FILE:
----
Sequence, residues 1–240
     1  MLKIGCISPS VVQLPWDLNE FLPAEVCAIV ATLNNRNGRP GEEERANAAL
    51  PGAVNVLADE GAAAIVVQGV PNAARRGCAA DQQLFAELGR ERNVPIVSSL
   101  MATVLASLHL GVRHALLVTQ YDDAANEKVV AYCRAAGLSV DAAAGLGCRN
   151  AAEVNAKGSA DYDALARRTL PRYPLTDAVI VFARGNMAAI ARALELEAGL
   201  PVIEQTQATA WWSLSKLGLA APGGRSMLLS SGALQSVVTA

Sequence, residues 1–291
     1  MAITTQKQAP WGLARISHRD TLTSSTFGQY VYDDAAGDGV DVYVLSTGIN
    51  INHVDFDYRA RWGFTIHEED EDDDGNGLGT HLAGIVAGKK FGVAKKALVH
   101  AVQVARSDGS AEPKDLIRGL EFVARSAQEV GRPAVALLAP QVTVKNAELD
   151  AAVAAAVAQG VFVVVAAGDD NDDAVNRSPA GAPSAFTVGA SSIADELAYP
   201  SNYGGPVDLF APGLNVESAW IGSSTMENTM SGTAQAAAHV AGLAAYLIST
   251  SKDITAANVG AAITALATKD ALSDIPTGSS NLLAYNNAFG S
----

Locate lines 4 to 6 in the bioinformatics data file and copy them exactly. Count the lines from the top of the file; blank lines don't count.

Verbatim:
   101  MATVLASLHL GVRHALLVTQ YDDAANEKVV AYCRAAGLSV DAAAGLGCRN
   151  AAEVNAKGSA DYDALARRTL PRYPLTDAVI VFARGNMAAI ARALELEAGL
   201  PVIEQTQATA WWSLSKLGLA APGGRSMLLS SGALQSVVTA